Bordered by two oceans, it is not shocking that about 15% of the world’s marine ecosystem is found in the country’s waters. Another factor that influences the heavy presence of sharks along South Africa’s coastlines is the proximity to the shark Alley. This strip of the sea between Geyser Rock and Dyer Island is home to thousands of seals which are food sources for sharks, especially great white sharks.
Other commonly sighted sharks along the coast of South Africa include the dusky shark, kitefin shark, pyjama shark, Zambezi shark, tiger shark, whale shark, and ragged-tooth shark.
Brazil is the largest country in South America. The country is bounded by the Atlantic Ocean in the east, with its coastline measuring 4,655 miles (7,491 kilometers), the largest on the continent. While the South American country is majorly known to be dangerous for its venomous snakes, its coastlines have been plagued by shark attacks for years.
According to the ISAF, there have been 110 unprovoked shark attacks in the region. The Brazilian state most notorious for shark attacks is Pernambuco, and other places in the country with frequent shark attacks are Recife and Fernando de Noronha.
Of the numerous shark species that tread Brazilian waters, the bull shark and tiger shark are the most renowned for attacks on humans. Other shark species around Brazil are blue shark, whale shark, shortfin mako shark, hammerhead shark, blacktip shark, great white shark, and thresher shark.
What are the Odds of Getting Bitten in these Regions of the World?
The likelihood of getting a shark bite is extremely low, and the odds of fatality are even lower. According to the ISAF, shark bites and attacks on humans occur an average of 70 times a year and cause about 5 fatalities. These odds mean that many people might never even encounter a shark throughout their lives, much less get bitten by one. A person is more likely to die from a lightning strike, ocean currents, bee stings, dog bites, and alligator attacks than they would from a shark bite.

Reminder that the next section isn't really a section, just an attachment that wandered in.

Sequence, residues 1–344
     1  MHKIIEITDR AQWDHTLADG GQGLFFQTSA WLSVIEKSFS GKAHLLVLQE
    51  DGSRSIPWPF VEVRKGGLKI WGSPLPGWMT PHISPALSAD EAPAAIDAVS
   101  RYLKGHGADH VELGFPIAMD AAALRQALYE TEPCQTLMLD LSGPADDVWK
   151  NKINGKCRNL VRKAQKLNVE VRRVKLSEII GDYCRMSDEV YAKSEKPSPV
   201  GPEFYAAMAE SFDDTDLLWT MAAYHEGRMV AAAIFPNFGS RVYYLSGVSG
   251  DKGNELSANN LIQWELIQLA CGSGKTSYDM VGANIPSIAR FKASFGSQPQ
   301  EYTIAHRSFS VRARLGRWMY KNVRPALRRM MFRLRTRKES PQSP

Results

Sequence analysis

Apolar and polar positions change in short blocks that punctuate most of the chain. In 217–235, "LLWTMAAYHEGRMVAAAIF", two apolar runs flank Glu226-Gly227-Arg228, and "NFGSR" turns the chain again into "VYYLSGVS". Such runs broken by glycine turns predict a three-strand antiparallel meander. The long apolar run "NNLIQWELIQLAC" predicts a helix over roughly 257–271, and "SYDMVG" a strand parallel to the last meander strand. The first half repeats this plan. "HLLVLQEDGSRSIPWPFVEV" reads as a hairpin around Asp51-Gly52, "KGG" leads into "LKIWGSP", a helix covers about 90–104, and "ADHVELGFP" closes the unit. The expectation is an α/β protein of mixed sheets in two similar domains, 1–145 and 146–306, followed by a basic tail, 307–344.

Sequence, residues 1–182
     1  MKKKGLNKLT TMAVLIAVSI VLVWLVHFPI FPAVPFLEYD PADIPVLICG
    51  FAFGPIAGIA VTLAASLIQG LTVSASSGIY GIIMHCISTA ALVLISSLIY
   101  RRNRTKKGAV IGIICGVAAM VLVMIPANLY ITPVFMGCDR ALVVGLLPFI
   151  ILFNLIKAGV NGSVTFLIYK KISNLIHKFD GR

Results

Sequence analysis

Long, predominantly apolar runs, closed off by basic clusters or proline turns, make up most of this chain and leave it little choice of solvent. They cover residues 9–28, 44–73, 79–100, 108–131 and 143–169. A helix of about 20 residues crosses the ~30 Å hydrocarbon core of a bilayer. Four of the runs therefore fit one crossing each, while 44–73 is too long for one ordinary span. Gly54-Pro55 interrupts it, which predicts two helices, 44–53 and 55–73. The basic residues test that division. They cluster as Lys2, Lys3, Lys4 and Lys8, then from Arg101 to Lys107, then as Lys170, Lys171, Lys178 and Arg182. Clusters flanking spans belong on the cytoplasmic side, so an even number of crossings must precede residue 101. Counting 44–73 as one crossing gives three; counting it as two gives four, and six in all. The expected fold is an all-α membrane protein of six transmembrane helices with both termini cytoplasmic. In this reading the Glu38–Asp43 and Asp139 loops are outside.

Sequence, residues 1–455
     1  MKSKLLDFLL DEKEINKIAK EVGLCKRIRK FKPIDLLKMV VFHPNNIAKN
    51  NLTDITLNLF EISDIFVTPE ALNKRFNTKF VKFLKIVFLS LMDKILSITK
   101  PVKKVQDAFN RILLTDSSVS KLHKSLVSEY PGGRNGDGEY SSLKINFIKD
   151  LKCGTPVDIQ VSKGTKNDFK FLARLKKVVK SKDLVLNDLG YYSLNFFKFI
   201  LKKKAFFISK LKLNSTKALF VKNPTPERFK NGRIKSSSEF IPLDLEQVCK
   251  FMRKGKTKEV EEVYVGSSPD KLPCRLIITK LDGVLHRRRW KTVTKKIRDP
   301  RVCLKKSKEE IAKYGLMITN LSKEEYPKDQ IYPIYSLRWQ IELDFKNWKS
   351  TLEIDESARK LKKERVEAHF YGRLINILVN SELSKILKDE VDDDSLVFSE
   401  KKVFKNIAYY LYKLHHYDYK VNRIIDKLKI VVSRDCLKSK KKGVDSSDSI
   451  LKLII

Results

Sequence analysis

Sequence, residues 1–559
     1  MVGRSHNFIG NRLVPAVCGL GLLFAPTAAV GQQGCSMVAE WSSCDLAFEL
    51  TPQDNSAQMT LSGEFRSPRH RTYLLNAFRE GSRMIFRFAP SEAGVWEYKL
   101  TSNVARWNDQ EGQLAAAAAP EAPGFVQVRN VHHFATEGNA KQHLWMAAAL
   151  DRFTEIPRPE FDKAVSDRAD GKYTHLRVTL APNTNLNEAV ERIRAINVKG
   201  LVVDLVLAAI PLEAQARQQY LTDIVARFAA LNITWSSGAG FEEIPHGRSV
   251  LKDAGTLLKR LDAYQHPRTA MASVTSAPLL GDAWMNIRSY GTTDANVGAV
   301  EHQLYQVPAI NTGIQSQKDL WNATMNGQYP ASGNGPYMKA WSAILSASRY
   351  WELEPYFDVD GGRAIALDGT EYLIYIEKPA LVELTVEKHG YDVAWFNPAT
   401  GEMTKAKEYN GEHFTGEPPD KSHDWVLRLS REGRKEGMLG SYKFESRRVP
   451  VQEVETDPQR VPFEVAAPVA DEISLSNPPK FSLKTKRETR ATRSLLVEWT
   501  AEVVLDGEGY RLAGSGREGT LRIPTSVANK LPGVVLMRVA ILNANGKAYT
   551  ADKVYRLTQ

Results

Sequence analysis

Why Do Sharks Attack?
Most sharks do not feed on humans and most shark bites are termed “accidents.” Shark attacks occur annually because of increased human interactions. There are more people in the sea and oceans these days.
Sharks can swim closer to shore, mistaking a human for a fish until they get closer. The more aggressive shark species are the bull shark, tiger shark, sand shark, and great white shark.
Ways to Reduce Risks of Shark Attack
While the odds of getting attacked by a shark are quite small, caution must still be taken when entering the water, which is the shark’s natural habitat. There are many ways to reduce the risk of shark attacks. Some of these ways, according to the International Shark Attack File, include the following:
- Keep away from shark-infested waters.
- Avoid wearing shiny ornaments that could be mistaken for fish scales in water.
- Avoid entering the ocean in low light hours.
- Do not swim alone, as sharks are more likely to attack a lone figure in the water.
- Refrain from excessive splashing about in the water so as not to draw sharks who might mistake you for a fish.
- Avoid wearing contrasting colors in the water, as sharks will quickly notice.
- Do not enter waters known to have sharks with cuts or wound openings.